White Nose Syndrome continues to kill off bats

bats with nose fungus

Bats with White Nose Syndrome in Hailes Cave in Albany County.

White Nose Syndrome -- the bat disease first identified in the Capital Region -- has killed as many as 6.7 million bats, according to recent estimates by biologists working with the US Fish and Wildlife Service. Since first being documented in 2006, the disease has now spread to 16 states -- and at many sites it's killed almost 100 percent of the bats. It has some biologists worried that some once-common varieties of bats could be facing extinction. [US FWS] [NYT]

The "white nose" in the syndrome's name refers to a fungus that grows on the face of the bats. Last fall researchers confirmed the fungus was responsible for the syndrome after 100 percent of the bats exposed to it in captivity developed the symptoms in a study. The fungus infects the bats' skin and causes lesions. [Nature News]

In 2010, New York State's Department of Environmental Conservation reported the White Nose Syndrome was likely in all bat caves in the state. The population of some species of bat had declined by 90 percent. [NYS DEC]

The disease was first identified in Howes Cave in Schoharie County -- it spread to other caves in the region and large bat die-offs followed.

Bats don't necessarily have the best reputation with a lot of humans, but they're an important part of the ecosystem because they eat huge numbers of insects -- including mosquitos.

photo: Nancy Heaslip, NYS DEC

Comments

In my house, the leading cause of bat deaths is by tennis racquet. Game, set, match.

Is there anything that the DEC suggests that a layperson (i.e. not a scientist) might do to help stop the spread?

When I was living in the mid-South, they closed the caves for hiking, etc because of fears of spreading the disease. Did that occur here in NY? (I haven't been back all that long).

Poor little guys. I know they aren't the most loved animals in the world, but as someone who gets eaten alive by mosquitoes each summer, I really do appreciate what bats do.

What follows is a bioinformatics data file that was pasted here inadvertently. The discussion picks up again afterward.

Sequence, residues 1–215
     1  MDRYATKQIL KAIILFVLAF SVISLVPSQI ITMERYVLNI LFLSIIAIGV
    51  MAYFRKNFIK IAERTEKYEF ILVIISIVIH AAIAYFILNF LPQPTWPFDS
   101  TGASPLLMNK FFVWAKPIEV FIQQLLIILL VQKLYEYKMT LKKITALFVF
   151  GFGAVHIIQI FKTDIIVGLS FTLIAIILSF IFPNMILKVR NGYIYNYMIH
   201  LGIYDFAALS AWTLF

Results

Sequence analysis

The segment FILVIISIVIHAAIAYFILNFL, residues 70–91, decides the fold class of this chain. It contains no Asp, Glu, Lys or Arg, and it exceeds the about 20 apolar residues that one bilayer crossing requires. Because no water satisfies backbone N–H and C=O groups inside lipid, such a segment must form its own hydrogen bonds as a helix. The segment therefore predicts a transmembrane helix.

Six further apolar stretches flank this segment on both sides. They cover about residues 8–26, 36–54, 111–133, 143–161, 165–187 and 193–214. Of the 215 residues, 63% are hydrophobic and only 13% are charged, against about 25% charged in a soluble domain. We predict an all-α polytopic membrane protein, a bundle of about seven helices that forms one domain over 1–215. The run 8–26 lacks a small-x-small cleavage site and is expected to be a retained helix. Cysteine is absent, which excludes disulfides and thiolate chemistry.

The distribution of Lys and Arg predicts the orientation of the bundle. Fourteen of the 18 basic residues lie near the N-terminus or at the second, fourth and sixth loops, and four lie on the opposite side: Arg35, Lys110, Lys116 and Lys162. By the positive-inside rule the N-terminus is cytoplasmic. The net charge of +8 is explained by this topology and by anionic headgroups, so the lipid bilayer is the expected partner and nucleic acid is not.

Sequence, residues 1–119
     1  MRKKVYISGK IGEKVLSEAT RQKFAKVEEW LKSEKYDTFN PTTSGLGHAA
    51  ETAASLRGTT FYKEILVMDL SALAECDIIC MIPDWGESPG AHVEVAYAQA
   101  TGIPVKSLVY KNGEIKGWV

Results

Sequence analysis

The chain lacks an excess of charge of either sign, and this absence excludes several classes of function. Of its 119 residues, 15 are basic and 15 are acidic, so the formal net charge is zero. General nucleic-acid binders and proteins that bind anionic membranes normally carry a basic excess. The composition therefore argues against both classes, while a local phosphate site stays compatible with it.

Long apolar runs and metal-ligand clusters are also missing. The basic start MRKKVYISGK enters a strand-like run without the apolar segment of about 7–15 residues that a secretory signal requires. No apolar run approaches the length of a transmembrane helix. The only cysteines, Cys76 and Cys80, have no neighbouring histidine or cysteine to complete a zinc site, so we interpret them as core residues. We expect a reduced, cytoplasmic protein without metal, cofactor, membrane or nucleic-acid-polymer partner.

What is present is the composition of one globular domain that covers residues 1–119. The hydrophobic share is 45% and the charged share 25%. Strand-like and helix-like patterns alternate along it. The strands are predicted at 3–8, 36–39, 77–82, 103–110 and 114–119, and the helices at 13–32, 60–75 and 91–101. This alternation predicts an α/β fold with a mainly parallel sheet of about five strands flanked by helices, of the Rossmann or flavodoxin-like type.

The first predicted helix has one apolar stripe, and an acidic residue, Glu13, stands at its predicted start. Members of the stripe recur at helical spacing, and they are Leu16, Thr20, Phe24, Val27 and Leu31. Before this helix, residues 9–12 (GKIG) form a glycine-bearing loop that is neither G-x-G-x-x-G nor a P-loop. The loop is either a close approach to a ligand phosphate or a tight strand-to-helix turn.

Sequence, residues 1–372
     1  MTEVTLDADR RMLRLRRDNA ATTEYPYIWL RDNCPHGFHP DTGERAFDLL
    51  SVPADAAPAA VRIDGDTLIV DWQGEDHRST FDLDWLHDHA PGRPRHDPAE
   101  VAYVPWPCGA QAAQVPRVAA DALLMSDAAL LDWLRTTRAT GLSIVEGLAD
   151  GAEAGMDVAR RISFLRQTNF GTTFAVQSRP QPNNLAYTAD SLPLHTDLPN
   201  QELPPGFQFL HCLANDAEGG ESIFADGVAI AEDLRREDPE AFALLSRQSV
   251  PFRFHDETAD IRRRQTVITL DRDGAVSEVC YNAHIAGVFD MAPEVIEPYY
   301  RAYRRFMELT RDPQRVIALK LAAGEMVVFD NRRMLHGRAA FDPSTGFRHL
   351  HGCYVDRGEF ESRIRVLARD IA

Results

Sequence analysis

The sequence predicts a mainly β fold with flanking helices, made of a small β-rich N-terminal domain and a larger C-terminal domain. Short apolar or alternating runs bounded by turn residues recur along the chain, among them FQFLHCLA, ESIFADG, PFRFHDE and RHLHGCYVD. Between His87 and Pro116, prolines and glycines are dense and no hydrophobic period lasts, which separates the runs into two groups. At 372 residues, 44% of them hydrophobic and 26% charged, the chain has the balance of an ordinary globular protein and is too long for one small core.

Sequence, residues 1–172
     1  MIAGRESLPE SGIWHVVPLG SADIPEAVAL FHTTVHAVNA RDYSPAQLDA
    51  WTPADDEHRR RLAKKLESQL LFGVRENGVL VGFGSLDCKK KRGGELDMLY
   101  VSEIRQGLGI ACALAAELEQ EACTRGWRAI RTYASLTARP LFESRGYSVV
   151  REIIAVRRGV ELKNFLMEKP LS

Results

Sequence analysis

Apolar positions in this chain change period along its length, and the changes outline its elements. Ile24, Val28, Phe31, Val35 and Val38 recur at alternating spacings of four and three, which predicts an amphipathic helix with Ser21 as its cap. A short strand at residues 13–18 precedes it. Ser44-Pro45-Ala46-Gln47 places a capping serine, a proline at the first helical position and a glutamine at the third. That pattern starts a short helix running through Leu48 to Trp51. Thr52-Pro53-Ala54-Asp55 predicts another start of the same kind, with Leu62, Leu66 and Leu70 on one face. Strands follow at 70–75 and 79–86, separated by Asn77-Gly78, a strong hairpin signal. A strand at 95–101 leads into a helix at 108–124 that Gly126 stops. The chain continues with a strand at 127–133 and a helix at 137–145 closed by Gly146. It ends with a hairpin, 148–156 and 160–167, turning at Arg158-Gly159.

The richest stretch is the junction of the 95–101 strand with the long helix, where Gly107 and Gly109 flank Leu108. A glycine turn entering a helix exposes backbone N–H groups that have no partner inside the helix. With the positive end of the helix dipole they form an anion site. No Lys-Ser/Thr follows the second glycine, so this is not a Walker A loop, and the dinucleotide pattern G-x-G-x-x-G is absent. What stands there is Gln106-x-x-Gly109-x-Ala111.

I'm with Rachel, is there anything that I can do that will help?

Rachel & Rebecca, NYSDEC refers people to the U.S. Fish & Wildlife Service, who has a "What can I do to help?" page. You can find some additional links on the sidebar from there.

When the bats and bees are gone, so are we. Every time I read stories like this, I buy more ammo.

@Tim, PLEASE DON'T KILL BATS. EVER. If you find them in your house, they're easy enough to trap with a blanket or towel and then you can release them outside. If you're having problems with them getting in frequently, you should probably do some work to find and close up the openings they are using.
Like this article says, this area is ground zero for the bat's problems, and nearly all the little brown bats around here are gone (and they are one of the cutest species too). Other species don't seem to have as much susceptibility to the disease, so there is a possibility that they might be able to fill in the niche left by the little browns. If they are going to do that they need support, or at least to be left alone to do their thing.

@Rachel - NY caves have been closing down during the bats hibernation season for several years now. During the summer bats roost in caves less frequently and disturbing them is not really an issue as long as you are careful not to harm them. People in the caving community have been very sensitive to the need for decontamination when traveling between caves since the start of the problem as well. It seems likely that the disease is spread primarily by the bats themselves, although it is hypothesized that it was originally brought to this area by a person, perhaps from Europe where it is possible that this disease had already gone through their bat population years ago.

@Jiminy - There is some evidence that agricultural pesticides are a factor with the bees. [ http://news.discovery.com/earth/pesticide-bee-collapse-120111.html ] Buy organic (or local pesticide free)!

There is really no excuse for the tennis racket. Just open the window and leave the room. This has worked for over 5 bats in the last few years. (though I have seen no bats in the last 2) . Bats have echolocation. They can tell the window is open, and have no instinct against flying downwards when in trouble like birds do. A bird in your house is a real pain! They don't know you've opened 10 windows, they won't fly downward to get out, they just circle the ceiling, crashing into things.

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